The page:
We were sitting on a bench in front of our hostel in Zagreb, while our new friend Iva zoomed in and out on my phone on Google maps: “The Zeljava air base should be here. Don't accidentally cross the border to Bosnia”. Seeing my confused stare she added “Exits one to three are in Croatia, exit four is Bosnia Herzegovina. Don't take exit four. And bring your ID, the police will come, but you will be fine”.
I was seriously doubting our idea of visiting this air base. It sounded too cool though:
The Zeljava air base is an old underground airport and military air base of the former Yugoslavia. It's a construction of four huge tunnels, each made to have enough space for several airplanes. They run a total length of 3.5km. Topside, there are five runways.
The reason that the police usually shows up, is that the tunnel could also be used by immigrants trying to
enter the EU from Bosnia.
Although Iva's description intimidated us, J and I decided to at least have a look.
The drive from Zagreb took us about two hours, where we got to see some of Croatia's country side, which is worth a trip by itself. We were actually on our way to Plitvice National Park, which is right next to it, so we decided to combine the two trips (I'll tell you about that in my next post).
Iva had also told us about an abandoned American airplane close to the air base. It's simply standing in a
field next to the road and is all open, so you can easily climb in. Someone actually built a ladder from
scrap wood, which we used to climb onto one of the wings.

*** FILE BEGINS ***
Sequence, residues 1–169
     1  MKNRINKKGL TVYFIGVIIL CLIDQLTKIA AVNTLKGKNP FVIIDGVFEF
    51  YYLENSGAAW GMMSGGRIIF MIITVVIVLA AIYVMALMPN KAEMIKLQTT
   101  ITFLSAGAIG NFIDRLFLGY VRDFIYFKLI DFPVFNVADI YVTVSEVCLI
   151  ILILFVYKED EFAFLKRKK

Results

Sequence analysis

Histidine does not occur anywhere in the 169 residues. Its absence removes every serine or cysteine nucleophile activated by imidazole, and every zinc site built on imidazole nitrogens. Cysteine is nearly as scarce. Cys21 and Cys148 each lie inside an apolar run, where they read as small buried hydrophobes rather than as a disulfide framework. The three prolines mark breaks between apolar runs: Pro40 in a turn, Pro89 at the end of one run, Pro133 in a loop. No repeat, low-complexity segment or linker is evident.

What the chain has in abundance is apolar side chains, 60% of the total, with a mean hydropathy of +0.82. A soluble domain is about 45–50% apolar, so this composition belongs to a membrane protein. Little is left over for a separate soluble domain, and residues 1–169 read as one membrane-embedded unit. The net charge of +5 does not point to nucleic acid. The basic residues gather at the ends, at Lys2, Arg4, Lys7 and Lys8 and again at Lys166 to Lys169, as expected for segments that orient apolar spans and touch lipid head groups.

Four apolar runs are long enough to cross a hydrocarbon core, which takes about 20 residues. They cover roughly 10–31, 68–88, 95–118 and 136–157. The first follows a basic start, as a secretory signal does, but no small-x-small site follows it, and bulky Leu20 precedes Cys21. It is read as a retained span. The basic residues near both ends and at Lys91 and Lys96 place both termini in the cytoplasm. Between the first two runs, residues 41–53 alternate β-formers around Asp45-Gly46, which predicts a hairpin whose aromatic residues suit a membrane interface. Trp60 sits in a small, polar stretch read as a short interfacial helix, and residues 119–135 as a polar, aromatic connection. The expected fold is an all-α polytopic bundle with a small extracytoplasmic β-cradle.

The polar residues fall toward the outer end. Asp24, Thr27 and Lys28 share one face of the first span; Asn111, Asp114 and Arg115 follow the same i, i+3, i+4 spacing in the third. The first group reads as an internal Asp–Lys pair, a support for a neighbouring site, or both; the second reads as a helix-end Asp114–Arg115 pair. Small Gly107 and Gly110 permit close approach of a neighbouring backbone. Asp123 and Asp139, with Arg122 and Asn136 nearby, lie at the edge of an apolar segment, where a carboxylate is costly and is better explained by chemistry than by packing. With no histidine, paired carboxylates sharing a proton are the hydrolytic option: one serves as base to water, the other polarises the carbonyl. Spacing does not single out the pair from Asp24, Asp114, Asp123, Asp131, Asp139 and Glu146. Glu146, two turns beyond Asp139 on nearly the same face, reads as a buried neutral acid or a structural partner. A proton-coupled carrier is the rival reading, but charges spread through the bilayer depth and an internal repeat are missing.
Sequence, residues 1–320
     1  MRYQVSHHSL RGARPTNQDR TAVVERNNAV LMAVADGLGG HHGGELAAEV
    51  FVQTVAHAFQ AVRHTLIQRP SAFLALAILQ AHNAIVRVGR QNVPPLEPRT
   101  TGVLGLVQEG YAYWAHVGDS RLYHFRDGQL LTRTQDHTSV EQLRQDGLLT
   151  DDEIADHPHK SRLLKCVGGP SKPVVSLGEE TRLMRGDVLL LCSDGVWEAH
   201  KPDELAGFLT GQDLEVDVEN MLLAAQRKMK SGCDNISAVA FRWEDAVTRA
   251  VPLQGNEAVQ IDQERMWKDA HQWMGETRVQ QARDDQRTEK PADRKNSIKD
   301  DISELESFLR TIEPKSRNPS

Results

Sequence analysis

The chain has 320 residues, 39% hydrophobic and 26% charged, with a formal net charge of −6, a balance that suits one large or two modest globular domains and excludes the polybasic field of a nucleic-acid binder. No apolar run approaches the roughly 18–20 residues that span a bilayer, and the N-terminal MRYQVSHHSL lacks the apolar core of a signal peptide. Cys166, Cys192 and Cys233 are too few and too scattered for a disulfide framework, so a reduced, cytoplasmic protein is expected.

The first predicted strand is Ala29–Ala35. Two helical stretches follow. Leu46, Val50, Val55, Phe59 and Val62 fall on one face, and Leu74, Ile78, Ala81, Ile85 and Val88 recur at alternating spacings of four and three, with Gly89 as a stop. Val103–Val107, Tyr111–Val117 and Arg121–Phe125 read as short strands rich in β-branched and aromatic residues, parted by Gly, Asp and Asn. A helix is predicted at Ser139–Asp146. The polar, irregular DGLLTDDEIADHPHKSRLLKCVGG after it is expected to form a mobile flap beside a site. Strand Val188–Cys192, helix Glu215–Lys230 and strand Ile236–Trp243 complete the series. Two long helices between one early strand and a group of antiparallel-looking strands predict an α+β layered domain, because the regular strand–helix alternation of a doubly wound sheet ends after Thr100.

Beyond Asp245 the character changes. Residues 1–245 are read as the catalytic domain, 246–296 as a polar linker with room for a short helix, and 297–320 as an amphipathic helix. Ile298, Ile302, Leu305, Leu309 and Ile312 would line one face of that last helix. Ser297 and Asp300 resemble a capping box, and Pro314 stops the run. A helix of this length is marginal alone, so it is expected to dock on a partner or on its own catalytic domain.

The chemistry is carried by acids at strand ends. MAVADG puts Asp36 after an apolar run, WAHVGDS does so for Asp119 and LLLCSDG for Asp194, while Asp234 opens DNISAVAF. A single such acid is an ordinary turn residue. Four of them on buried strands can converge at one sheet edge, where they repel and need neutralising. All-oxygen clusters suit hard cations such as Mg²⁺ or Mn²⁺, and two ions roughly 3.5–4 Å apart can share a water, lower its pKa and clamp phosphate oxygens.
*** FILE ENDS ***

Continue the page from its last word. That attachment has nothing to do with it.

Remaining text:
Getting into the actual airplane looked tricky, but since the windows didn't have glass any more, we could
climb through one of them. Inside you can step onto the beams and walk all the way into the cockpit.
We spent at least half an hour in there, looking at all the rusty old things and taking pictures.
We decided to take another way out and jumped off the loading area. It's not that high and I only ripped
my jeans a little bit.
While I was waiting for J to jump, a police car pulled up next to the plane. I assumed that we'd get into
trouble for climbing around on it, but the two gentlemen were super friendly, just checked our ID and told
us to be aware of the land mines.
Oh, I forgot to mention the mines: Just stay on the road and you'll be fine.
From there it's only about a kilometre to the base. We only realised that we were there once we were standing on one of the landing strips.
To get into the tunnels, we had to climb a small hill, which was put there so people couldn't drive their cars
inside. Once we were standing on the hill looking in, we both had the same thought: “We should have
brought a bigger lamp”.
We only had our phones, which didn't really help. As the space is so big, they didn't have anything to shine
on. There are holes in the floor and metal dangling from the ceiling, so we only walked in as far as we
could see, but it was already pretty exciting.
These rooms are massive and pitch black after only a couple of metres.
If you have a big lamp, you can walk into one of the tunnels and use another one to get out.
After our eyes got used to the light again, we drove up one of the landing strips all the way to the end,
which feels amazing if you're driving a tiny car instead of sitting in a big airplane.
This day was absolutely worth ripping my new pair of shorts!
Thanks Iva for all the advice!
How to get there
+ you will need a car
+ check the map below to get there using gps (I don't think there is an actual adress)
+ the airplane will be on your left side before you pass the blue gate
+ bring your passport, the police will probably show up
+ crossing the border to Bosnia is illegal, just saying
+ if you want to go into the tunnels, you'll need a big ass lamp
+ stay on the roads, there are land mines
+ wear proper shoes and bring some water, there are no shops around
+ the air base is close to the Plitvice National Park and almost half way between Zagreb and Zadar, so it's
in the perfect spot if you want to visit all these places
If you don't want to go alone:
Iva, who told us about this trip works for Swanky Travel. You can meet her at Swanky Mint, the hostel we
stayed at in Zagreb. We did the trip by ourselves, but Iva also offers tours to Zeljava. You can get in touch